But more importantly let's talk drum machines - from Sly's use of the Maestro Rhythm Ace throughout "There's A Riot Goin' On" from 1971(!!!) through so much of the music first created with the infamous TR-808 drum machine - all pre-dates digital. And lot's of this music - at least at the time - was considered quite funky.


That's just the Rhythm Ace and 100% quantized (there was no other choice with the Rhythm Ace) :)

3. My reference to tracks made on analog tape was that you can't expect them to sync up to a fixed tempo in ProTools - because analog tape machines (unless locked to timecode, which nobody did unless syncing two machines together) drift - a lot - and significantly. Most analog recordings will barely sync 4-8 bars before getting very noticeably out of sync - so expecting to line up the grid for more than a few beats is doom to fail. SO overall a technical distinction meant to point out the sloppiness of Rick's methodology in demonstrating this.

4. "Quantization just robs the performance of the human element. It's not funky." And yet, "Family Affair" above sounds both human and funky. In a nutshell, I disagree with this statement for if no other reason that it is an absolute. "Without X amount of human slop, music can't be funky" That's what you are saying.

5. But before hammering on that - let's talk about "Quantization". Rick continually seems to want to define quantization to "100% locked to a 1/16th note grid" which was a decent definition circa 1998. Since then we've had variable swing quantize (different placements of the offbeat 1/8th or 1/16th, percentage quantize (that moves each note closer to the grid but not all of the way there by a selectable percentage - so you can select part of a live performance and make it 20% less sloppy or 80% less sloppy in relation to the grid), quantize humanization (where a random element of variation can be dialed in where desired), and groove quantize (where the rhythmic feel of an existing performance can be used to create the "grid" to which a new performance can lock - take section of a James Brown drum break and use it as the rhythmic template for new material.

So there's a lot more to this than Rick let's on and I'm afraid that you may be unaware of.

6. Next - let's talk "Preserving the Human Element"... I'm sorry, but when it comes to making records, a great deal of time is spent trying to sort the valuable "human element" from the great mountain of crap human elements you have to slog through. Every aspect of making a record has always been predominantly about sorting the wheat from the chaff. Getting the arrangement right. Getting it tight. Then capturing takes that feel good that aren't riddled with clams. So we rehearse. Then we record multiple takes. To either choose between. Or edit together to create one - better - but less human (because we never played it that good) performance. Then came overdubbing... so we don't all have to get it right at the same time. Then came punching in and out - so we can fix the clams in the otherwise good bass track, we can punch in that bar where we clicked a rim and that other bar where we missed the rim shot, or subbed the fill. Then we started playing to a click - 1st, so we could incorporate sequencers and drum machine parts more easily into our records when desired, then 2nd, to make the transition for making a demo and making a master record more one big process rather than two separate processes, and finally now... because it's cheaper and easier and safer, than not using a click.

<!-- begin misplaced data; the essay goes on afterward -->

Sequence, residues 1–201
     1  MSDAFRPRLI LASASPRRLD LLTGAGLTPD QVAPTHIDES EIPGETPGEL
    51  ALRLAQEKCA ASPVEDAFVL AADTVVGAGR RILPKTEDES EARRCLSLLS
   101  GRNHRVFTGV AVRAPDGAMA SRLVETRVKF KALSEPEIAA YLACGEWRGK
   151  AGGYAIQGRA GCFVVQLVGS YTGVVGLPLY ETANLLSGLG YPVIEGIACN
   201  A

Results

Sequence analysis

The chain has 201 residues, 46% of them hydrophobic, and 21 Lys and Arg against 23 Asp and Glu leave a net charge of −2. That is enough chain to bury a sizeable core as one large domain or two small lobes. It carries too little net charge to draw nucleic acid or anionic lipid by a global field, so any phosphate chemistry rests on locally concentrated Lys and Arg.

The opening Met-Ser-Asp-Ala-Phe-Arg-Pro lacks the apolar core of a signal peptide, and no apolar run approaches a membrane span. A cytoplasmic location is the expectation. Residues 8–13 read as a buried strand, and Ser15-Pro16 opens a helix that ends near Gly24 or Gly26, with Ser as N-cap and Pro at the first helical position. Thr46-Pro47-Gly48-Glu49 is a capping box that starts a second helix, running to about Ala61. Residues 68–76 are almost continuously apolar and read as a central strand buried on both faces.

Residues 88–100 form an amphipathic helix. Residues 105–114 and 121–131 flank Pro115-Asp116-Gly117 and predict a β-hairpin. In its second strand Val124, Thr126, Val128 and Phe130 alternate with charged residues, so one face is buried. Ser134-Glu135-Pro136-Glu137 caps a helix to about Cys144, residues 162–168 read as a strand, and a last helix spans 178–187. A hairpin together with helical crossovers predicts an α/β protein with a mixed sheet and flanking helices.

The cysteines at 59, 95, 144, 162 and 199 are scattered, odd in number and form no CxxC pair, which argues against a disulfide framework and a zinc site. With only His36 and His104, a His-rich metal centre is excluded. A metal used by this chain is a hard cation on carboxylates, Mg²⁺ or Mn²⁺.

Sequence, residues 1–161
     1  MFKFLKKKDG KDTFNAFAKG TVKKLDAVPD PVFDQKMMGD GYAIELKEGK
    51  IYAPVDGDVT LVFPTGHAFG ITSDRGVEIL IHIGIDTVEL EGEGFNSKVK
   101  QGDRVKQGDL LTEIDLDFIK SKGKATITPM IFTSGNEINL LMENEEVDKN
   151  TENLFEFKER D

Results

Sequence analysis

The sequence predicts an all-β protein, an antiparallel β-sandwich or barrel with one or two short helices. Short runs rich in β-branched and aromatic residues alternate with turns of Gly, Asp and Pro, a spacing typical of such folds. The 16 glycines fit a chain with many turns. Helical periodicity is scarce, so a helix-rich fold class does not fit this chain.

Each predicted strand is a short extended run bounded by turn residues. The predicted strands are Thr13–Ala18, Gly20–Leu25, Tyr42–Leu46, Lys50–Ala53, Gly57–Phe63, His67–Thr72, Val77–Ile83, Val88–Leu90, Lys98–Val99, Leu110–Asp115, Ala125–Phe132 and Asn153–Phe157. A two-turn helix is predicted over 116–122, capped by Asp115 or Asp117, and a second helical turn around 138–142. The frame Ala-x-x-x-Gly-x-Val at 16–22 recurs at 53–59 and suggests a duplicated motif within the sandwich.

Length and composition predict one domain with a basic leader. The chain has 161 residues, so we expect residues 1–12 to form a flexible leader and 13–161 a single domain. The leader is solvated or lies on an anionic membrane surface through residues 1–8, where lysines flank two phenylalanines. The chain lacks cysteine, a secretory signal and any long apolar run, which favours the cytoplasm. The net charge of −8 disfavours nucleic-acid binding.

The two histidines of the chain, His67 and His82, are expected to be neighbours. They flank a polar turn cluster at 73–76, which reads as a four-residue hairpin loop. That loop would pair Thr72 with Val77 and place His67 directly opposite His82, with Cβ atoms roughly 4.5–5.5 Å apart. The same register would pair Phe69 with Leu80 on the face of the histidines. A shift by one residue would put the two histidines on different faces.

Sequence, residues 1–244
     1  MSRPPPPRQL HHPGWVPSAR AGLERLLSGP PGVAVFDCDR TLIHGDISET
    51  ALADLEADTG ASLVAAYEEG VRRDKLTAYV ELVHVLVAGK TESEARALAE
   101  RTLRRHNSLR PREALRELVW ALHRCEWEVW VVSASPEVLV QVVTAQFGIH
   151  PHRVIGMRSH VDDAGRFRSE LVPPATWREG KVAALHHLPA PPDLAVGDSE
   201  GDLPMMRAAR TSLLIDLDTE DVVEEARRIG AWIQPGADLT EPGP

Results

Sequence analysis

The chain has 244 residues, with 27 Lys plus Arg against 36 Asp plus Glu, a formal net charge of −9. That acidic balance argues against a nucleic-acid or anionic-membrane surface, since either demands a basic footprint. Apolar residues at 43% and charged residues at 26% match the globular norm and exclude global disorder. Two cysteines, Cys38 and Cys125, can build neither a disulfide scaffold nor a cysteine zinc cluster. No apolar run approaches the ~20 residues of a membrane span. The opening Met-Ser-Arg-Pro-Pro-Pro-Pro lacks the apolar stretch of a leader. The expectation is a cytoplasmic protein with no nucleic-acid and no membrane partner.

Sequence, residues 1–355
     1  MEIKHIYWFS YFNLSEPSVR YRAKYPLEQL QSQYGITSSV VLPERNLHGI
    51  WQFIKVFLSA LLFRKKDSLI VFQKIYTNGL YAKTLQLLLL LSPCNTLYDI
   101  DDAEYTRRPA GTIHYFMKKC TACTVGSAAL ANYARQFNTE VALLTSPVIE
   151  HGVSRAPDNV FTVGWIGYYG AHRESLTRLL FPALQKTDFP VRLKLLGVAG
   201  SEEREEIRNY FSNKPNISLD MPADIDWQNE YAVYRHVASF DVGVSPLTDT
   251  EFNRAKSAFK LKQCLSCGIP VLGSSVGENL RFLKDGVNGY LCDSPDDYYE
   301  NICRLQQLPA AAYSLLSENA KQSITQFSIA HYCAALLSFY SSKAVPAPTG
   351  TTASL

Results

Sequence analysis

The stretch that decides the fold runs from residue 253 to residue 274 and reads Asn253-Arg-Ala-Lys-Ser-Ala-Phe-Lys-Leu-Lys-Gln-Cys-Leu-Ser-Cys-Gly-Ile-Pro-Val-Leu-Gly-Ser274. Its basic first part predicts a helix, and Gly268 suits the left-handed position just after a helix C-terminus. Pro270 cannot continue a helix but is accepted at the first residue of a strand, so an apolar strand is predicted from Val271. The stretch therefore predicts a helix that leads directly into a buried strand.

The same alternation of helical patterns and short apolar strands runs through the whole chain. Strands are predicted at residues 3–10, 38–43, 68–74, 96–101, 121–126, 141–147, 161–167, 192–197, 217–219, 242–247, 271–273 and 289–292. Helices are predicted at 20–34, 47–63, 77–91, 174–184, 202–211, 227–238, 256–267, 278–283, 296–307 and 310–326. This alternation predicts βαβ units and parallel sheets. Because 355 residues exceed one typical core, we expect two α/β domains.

All of this - removes undesired human elements form the recording.

Can this be bad? - absolutely. Anything over done - or done to death can be bad.

Rick keeps make the point that these techniques killed the feel of rock music... to which a say nonsense. People - Humans - made these records sound all the same.... By Making Them Sound ALL The Same. Quantizing doesn't do half the damage that using the same 4 chords over and over does. These records would all sound cookie cutter - no matter how they are played or recording - because the people making them and selling them want them to sound that way - choose for them to sound that way.

To Mongrel point - machines never "take over" any part of a record. Left to their own devices, machines just sit there silent not doing squat. Every sound a groove you want to attribute to machines has had a group of humans sitting there programming it and then sitting around asking "so what do you think? You like? Does it feel good?" Every single use of a machine on a record reflects a human being getting exactly the sound and feel he was looking for.